Black history does not begin with slavery
My first informal lessons in black history were as an infant sitting with my parents on Saturdays in the family room digesting a steady diet of North American adventure films starring white explorers in Africa encountering and defending themselves against uncivilised black cannibals living in the jungle.
This formative impression of black history was further reinforced in elementary school. We were taught at the ages of four to eight years old (at an institution of early-childhood development) that blacks were initially salves who endured hardships, until we were freed.
I continued through to secondary and high school, where our history class required occasional reference to a book called The Making of the West Indies by F.R. Augier.
This literature of learning documented the capturing, raping and murdering of African natives; their enslavement; and the transatlantic Triangular Trade journey with the brutal ‘middle passage’ where slaves who were still alive would be delivered to the Americas.
The Making of the West Indies also gave tribute (deservingly) to white abolitionists who fought for the freedom of slaves and the subsequent abolition of slavery.
Now, from our initial stage of cognitive reasoning through to our development of character, self-esteem, self-image, morals, values, pride, etc., one could imagine, based on selective information, what our perception of our black history and who we were as a people was.
Learning about the slave trade is an important part of our study of history. It gives us one important perspective of the struggles we endured and the sacrifices made by many to acquire freedom.
The fact is that black history began long before the slave trade of the 17th century.
During 711 AD, a group of black nomadic Muslims from North Africa living near the Mediterranean Sea invaded what is now known as Spain.
After submitting European territory to their political authority, they made no attempt to change the language or impose their culture. Instead, they allowed Christianity to continue to thrive, ushered in the renaissance of intellectual and technological advancement, and introduced a culture and civilisation in Sicily and Granada so rich and powerful that it became the envy of the world. These people became known as the Moors.
Europeans did not suffer under this black occupation the way Africans did under the European.
The Moors built the first university and made education free for all. They founded advanced medical schools and modernised Spain by paving roads and creating sidewalks and street lighting. They also built hundreds of public baths and created a corral separating the livestock from the living quarter of humans, significantly reducing the outbreak of various transmitted diseases.
Under the Moors’ rule, advancements were made in science, mathematics, geography, philosophy, and even agriculture; the Moors created floral gardens, air conditioning, heating, and water flow through pipes to homes. They established a formidable silk industry, and a famous African scholar by the name of Ziryab revolutionised the fashion industry by changing wardrobes four times according to the four seasons and taught the Europeans to serve dishes in several phases, ending with dessert.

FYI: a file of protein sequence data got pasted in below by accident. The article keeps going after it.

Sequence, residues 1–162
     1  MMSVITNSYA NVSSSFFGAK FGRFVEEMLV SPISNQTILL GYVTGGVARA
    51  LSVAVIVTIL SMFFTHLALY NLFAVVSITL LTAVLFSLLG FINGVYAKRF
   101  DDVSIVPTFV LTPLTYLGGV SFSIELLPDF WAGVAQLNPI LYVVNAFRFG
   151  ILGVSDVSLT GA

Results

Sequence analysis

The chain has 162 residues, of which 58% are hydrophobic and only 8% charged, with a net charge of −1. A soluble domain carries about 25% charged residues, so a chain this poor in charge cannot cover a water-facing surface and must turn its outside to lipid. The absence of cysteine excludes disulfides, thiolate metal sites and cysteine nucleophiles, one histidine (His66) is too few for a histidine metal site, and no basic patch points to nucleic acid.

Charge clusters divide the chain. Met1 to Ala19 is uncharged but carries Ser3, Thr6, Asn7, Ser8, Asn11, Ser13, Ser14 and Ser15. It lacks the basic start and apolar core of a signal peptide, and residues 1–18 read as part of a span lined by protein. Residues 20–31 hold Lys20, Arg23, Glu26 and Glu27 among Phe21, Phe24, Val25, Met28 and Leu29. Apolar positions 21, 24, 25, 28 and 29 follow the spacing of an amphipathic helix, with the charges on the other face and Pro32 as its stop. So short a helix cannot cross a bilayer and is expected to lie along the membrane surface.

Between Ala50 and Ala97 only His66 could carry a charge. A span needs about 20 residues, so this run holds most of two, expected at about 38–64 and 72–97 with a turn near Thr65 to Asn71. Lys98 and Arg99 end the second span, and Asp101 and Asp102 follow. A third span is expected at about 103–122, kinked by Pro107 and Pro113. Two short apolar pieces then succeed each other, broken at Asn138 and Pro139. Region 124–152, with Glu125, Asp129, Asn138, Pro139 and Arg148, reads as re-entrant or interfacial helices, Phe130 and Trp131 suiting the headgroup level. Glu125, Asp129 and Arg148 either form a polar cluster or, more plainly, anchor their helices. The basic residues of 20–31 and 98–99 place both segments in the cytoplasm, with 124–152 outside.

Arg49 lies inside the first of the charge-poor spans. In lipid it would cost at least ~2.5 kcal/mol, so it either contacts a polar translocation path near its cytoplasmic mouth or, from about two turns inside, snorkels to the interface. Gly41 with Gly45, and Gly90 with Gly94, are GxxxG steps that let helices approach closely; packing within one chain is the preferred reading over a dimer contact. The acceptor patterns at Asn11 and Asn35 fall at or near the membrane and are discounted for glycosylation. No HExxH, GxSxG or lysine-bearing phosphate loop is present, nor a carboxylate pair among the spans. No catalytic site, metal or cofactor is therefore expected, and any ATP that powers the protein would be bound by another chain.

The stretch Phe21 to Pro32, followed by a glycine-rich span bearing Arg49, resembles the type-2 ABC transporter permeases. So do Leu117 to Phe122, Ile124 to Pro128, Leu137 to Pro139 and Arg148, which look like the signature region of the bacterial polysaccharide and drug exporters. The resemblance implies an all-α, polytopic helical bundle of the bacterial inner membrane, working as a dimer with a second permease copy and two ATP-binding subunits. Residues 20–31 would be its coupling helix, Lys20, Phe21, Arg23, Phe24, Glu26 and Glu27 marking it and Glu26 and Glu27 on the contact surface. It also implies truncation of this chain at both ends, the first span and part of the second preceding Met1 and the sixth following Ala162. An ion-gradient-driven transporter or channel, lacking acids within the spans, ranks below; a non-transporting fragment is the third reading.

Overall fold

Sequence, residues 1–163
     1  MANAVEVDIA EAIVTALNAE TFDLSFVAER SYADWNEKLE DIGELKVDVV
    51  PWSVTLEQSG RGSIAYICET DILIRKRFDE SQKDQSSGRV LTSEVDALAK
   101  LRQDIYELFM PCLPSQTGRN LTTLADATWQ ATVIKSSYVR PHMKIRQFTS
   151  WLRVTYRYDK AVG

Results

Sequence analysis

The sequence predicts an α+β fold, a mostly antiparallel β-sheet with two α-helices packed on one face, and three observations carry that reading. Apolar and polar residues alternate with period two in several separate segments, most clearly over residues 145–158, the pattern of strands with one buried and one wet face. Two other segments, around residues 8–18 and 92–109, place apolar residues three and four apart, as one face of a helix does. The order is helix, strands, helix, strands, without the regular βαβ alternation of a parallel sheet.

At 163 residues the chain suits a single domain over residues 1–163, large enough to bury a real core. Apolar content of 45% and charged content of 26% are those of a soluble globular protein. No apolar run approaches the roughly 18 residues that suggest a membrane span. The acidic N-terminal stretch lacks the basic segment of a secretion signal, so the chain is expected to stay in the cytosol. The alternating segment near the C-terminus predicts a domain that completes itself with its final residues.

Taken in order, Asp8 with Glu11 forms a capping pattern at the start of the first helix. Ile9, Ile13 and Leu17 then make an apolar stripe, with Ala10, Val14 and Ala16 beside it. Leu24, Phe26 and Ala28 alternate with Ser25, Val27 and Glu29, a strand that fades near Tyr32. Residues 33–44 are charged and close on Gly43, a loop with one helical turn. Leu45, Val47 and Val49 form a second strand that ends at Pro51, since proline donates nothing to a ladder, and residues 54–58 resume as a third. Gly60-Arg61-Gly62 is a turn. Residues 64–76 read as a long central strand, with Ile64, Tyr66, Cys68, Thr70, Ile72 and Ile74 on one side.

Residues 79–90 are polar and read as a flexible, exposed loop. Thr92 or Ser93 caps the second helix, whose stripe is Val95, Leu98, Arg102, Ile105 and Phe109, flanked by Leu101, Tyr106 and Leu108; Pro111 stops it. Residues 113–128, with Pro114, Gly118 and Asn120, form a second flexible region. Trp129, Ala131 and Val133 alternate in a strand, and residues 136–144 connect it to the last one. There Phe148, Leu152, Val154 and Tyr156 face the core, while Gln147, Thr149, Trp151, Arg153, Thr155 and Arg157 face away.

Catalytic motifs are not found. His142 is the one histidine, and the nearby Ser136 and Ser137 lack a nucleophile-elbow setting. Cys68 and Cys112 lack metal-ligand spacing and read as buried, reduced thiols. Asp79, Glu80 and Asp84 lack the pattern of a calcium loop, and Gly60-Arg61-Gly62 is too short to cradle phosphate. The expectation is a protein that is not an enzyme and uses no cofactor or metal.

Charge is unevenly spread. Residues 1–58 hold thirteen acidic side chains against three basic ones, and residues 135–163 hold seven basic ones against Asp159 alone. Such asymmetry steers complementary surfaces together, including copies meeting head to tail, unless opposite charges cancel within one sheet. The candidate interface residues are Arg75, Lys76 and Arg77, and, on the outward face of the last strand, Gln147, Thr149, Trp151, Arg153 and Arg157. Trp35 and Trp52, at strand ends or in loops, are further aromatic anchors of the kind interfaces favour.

The Europeans captured the knowledge from the Moors and exported it beyond Spain.
Fall and expulsion of the Moors from Europe
It is important to know that ‘Moor’ does not mean ‘black Muslim’. There were Christian Moors, as well as Muslim Moors. ‘Moor’ simply means ‘black’, and the terms ‘black’ and ‘Moor’ were used interchangeably throughout history.
Differences in religion and culture lead to numerous conflicts within the Christian kingdom of Europe. Propaganda sparked by a jealous crusade gave the Moors a barbaric image of dark-skinned savages.
The Catholic monarchy’s recapture of Sicily and the fall of Granada in 1492 marked the end of the Moors’ Muslim rule.
The monarchy began to destroy all evidence that the Moors were ever in Spain. Some 3.5 million Moors fled Spain and Portugal and returned to the continent of Africa. Some dispersed throughout Europe.
Archeologists have since uncovered artefacts revealing the hidden history and impact the Moors had in shaping Spain’s history and Europe overall.
A number of European coats of arms have an image of a Moor. The Moors converted the harp into the piano by turning it sideways and encasing it. If you look at the grand piano, you will see the distinct shape of the harp.Today, buildings and structures in Europe show the magnificent portrayal of the Moors’ architectural brilliance.
The cathedrals built in England are all influenced by the Moors’ architecture. Images of the Moor can even be seen on the labels of major European beverages and in the logos of prominent football teams.
Revise our school curriculum
Institutions of learning should re-educate students in black history and begin prior to the slave trade.
My appeal to schools worldwide, particularly in countries with a predominantly black populace, is to revise their history curriculum, incorporating the existence and advancements of the Moors.
The components of a person’s self-image and self-esteem are not only based on one’s family history; they are also based on their racial history.
A significant portion of a black child’s self-esteem is based on what they know or don’t know about their racial history.Students should be taught an accurate, balanced, and complete narrative of black history in order to become empowered with not only our struggles but our accomplishments.